Nearly everybody is out of place in the present scheme of things. While some of us struggle to find work, others of us struggle to find time away from work. The majority of so many people’s lives are taken up with keeping afloat and making a wage in work that is often dangerous, stressful, boring, exhausting, pointless and frustrating. The little ‘leisure time’ we get costs us too, both in monetary terms and mentally – we are either escaping work, delaying work, or killing time until we have to go back to work.
Every society has to do a certain amount of work to maintain a standard of living, but the way we organise work has very little to do with living.
Many of the roots of the problems we see all around us today are the direct result of our deliberate disempowerment and exclusion from decision making power over our own lives and institutions. All over the place there is constant pressure to make people feel that they are helpless, that the only role they can have is to ratify decisions and to consume. This is what we call alienation.
The domination of a powerful minority over the people has been brought about by great violence. Ritually, we’re allowed to vote in a set of state managers which act separately from, external to and ‘above’ the general population. The media, decision making power, resources and the things we need to survive are controlled by a tiny elite and their corporate empires that are private, unaccountable and beyond any meaningful level of popular control.
Whether we have Parliamentary democracy or dictatorship the seemingly insurmountable problems facing the planet and its peoples will not be solved by a few at the top issuing decrees, manipulating public opinion or pursuing their own agendas. Instead of buying into political games and parliamentary processes, we think its more important to learn how to organise with each other on a permanent basis within and across workplaces, industries and communities as a step towards democratising society down to its very roots.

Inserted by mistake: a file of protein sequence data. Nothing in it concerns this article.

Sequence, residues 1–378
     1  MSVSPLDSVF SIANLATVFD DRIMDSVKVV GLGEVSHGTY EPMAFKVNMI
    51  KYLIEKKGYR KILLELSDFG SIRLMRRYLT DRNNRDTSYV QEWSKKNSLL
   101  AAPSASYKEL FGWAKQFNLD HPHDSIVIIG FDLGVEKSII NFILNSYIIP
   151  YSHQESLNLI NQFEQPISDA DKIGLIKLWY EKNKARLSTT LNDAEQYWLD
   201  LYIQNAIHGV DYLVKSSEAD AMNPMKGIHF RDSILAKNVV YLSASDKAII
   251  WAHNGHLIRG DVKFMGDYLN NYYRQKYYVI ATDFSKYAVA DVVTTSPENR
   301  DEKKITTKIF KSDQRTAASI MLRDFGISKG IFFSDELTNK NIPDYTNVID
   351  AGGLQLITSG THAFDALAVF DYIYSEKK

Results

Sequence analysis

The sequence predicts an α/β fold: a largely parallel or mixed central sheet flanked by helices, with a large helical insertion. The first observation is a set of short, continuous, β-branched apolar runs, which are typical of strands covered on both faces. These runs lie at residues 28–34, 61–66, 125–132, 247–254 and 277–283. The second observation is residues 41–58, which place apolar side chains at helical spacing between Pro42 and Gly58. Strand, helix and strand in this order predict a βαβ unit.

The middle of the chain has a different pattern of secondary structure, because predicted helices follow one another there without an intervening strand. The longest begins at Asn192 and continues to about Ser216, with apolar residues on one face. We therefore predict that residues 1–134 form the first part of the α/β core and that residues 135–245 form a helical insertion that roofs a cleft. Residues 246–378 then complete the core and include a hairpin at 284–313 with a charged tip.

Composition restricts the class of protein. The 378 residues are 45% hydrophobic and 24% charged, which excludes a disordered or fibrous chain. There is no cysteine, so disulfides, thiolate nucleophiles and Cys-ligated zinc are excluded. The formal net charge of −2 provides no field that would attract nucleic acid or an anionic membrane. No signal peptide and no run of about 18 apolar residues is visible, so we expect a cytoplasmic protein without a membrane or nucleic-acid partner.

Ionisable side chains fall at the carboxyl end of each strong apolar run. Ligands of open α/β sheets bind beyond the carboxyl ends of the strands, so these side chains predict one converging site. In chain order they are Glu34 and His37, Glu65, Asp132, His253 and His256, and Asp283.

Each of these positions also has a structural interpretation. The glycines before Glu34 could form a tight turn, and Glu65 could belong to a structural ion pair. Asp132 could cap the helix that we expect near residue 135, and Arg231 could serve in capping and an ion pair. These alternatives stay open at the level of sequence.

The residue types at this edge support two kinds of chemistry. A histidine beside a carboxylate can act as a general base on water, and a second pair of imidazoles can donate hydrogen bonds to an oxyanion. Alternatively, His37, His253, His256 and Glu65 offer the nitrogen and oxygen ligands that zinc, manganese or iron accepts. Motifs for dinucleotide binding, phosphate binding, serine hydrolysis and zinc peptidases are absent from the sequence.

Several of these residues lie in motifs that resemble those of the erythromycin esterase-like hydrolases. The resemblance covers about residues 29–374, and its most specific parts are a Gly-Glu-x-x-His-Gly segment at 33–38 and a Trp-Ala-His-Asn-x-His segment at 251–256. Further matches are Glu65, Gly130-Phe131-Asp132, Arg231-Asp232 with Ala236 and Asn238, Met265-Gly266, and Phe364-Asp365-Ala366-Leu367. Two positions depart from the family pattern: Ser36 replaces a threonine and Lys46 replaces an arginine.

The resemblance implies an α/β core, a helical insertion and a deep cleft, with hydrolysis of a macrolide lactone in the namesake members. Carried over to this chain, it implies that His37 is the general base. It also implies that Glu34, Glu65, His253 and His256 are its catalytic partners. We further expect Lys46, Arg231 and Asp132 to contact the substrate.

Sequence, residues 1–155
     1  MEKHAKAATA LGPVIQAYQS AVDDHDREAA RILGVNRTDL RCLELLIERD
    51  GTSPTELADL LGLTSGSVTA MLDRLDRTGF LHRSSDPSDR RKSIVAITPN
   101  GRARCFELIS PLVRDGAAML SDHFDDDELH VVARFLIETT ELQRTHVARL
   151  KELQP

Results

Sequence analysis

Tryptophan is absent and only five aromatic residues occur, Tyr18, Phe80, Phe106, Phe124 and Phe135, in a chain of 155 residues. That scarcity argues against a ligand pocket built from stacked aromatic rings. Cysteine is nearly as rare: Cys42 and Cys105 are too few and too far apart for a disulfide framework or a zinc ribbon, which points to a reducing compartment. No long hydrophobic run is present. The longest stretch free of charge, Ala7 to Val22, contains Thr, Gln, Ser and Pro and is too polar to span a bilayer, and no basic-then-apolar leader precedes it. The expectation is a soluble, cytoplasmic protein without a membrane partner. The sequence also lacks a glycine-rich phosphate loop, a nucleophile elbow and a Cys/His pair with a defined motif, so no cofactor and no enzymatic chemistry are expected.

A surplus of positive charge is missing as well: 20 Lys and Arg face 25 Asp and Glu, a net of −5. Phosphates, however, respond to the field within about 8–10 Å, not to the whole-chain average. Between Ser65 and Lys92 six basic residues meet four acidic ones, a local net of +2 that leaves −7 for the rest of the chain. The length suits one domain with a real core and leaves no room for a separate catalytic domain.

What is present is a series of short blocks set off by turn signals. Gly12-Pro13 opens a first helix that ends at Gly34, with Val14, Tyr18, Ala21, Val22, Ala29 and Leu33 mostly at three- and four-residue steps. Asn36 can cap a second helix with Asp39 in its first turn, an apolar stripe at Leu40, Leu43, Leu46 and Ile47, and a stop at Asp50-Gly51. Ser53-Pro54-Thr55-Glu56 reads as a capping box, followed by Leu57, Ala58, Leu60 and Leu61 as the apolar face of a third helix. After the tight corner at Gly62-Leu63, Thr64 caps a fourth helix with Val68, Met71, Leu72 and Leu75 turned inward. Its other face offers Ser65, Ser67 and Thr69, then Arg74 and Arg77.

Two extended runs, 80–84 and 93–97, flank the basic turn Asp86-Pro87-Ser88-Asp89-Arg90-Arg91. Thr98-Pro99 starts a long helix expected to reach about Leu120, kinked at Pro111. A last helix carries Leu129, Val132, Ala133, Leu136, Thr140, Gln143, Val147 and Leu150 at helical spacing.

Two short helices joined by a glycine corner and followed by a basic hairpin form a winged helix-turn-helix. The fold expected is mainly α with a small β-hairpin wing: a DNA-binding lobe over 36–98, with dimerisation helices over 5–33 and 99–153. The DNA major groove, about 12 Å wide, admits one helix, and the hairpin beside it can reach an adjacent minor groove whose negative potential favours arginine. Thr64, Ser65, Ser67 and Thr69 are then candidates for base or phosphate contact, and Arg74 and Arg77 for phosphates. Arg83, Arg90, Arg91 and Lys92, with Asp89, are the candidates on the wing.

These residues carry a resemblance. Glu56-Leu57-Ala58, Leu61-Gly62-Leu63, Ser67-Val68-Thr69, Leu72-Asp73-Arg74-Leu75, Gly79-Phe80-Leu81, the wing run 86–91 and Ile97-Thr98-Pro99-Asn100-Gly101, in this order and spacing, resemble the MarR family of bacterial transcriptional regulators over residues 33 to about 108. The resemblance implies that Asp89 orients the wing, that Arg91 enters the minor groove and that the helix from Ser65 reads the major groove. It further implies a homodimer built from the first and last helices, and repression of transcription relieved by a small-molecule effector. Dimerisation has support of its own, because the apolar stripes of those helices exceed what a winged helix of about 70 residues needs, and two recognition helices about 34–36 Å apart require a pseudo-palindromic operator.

The ills of capitalism and colonialism are reproduced daily in our everyday lives so it’s there that we have the real power to challenge them. For us this means:
As individuals we are relatively powerless. We are constantly encouraged to change the world by our individual consumption choices but in reality its when we act collectively that the tables are turned.
Workers and communities should control their own struggles through mass assemblies, both learning how to act without bosses, officials or leaders and ensuring that they can’t be sold out or demobilised from above. We can confront common concerns by getting together without the need for officials and bureaucrats. This can be done through consensus and direct democracy – using mandated, recallable and rotatable delegates rather than ‘representatives’ – controlling all struggles by the base.
Capitalist society is not a debating chamber based on rational arguments, butrather a power struggle betweendifferent groupsand classes with opposing interests. Direct action means to struggle independently without intermediaries – it means winning gains from aposition of power rather than through relyingon the ballot box or appeals to political or economic representatives.
Direct action means organising in a way that fosters confidence and self-activity and includes everything from occupations, strikes (general or otherwise), sabotage, economic blockades and boycotts, to disruptive action, grassroots education and distributing material.
It means fighting to improve our conditions while at the same time prefiguring (that is, embodying aspects of) the alternative types of social relationships we want to see. It means to contribute towards rebellious practices, experiments, cultures of hospitality and solidarity, spaces and structures of co-operation, self-education and self-rule– to have both a foot in this world and to step into one that we want.We call this ‘dual power’–Building the new world in the shell of the old